The situation is getting worse for refugees in Greece. There is already a lot of criticism of the Greek government for illegally sending migrants back, but more is going on. The whole Greek migration policy seems to be hardening. The situation on the islands has not yet been resolved and many problems have shifted to the mainland. The Greek Secretary of State for Migration and Integration says Europe‘s solution must come: “We cannot afford it.”
In Athens alone, many people with refugee status roam on the streets who need acute help. “Our situation is very bad,” says a man who stands out in Athens with his wife and twins of a year old. “We’re having trouble finding shelter. Previously, the migration service provided us with shelter. But now we are responsible for finding a place to sleep.”
When people receive a residence permit after years of waiting, all financial support stops four weeks later and will be left to their destiny. “Now that we have our papers, we don‘t get any help from the government. No home and no money,” says an Afghan woman. She received a residence permit with her family. Her husband now works as a lumberjack and earns 20 euros a day. “We pay 150 euros ourselves for a dump, but we have to.”
To Germany or the Netherlands but not back
The worse the situation, the more migrants want to leave Greece. With official refugee status, people can fly to Germany or the Netherlands, for example, and stay there for 90 days. Because of the bad conditions in Greece, they cannot be returned from Western Europe, as has been determined by many European judges.
The Greek government seems to be tacitly approving that it doesn’t suit them at least. But the Secretary of State for Migration and Integration, Sofia Voultepsi, thinks that nonsense. “Greece adheres to all treaties. That they are allowed to leave our country for 90 days is simply in the law,” she says. “What do you want us to do about it?”
Migrants through Turkey are denied
The Greek government went one step further with the hard approach last month. Through a ministerial decision, Turkey has identified as a safe country for most asylum seekers from there, by sea and land. This means that asylum applications from migrants from Syria and Afghanistan, among others, are rejected and they should return to Turkey.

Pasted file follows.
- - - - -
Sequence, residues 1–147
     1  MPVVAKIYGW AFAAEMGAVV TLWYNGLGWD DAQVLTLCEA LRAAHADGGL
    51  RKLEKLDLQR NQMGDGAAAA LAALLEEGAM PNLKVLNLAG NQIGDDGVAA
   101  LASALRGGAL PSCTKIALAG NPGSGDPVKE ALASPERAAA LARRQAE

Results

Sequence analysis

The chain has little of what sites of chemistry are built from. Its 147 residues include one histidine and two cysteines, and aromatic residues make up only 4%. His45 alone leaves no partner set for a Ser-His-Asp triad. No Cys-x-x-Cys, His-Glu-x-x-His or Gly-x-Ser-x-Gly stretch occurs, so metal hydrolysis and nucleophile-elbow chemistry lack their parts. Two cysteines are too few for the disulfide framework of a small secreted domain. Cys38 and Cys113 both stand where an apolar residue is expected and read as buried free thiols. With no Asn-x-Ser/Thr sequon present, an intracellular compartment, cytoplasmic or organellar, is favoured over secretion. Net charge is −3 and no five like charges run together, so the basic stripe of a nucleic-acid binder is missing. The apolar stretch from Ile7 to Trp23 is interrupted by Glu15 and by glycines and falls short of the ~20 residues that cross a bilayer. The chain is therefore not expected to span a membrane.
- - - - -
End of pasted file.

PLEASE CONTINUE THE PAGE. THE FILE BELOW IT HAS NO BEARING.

According to attorney Minos Mouzourakis, that is an unlawful decision in violation of European laws, and moreover. “There is no guarantee that Turkey will allow these people again when they are returned and that is a prerequisite. As a result, many migrants are now floating in a kind of ‘limbo’: they cannot apply for asylum in Greece, but they cannot return to Turkey either.”
also a lot of turmoil about the new policy in the Ritsona camp, near Athens. Many people who have arrived in Greece in recent years can no longer receive asylum. 17-year-old writer Parwana Amiri from Afghanistan tells how a wall is being built around her camp. She‘s afraid she’ll be able to go out for a few hours a day later:
Secretary of State Voultepsi knows that Turkey has been refusing to take back migrants from Greece for a year, but she believes that this is not Greece‘s problem. “The European Union must put pressure on Turkey to comply with the agreement to take people back. Europe needs to think about what needs to happen to the people who can’t go anywhere right now,” she says. “This country has so many problems, we can‘t afford it.”
Migration ministers from Western Europe, including the Netherlands and Germany, call on the European Commission to safeguard the rights of asylum seekers and refugees in Greece. People can not be sent back to Greece until conditions improve. Then courts won’t be able to stop that anymore.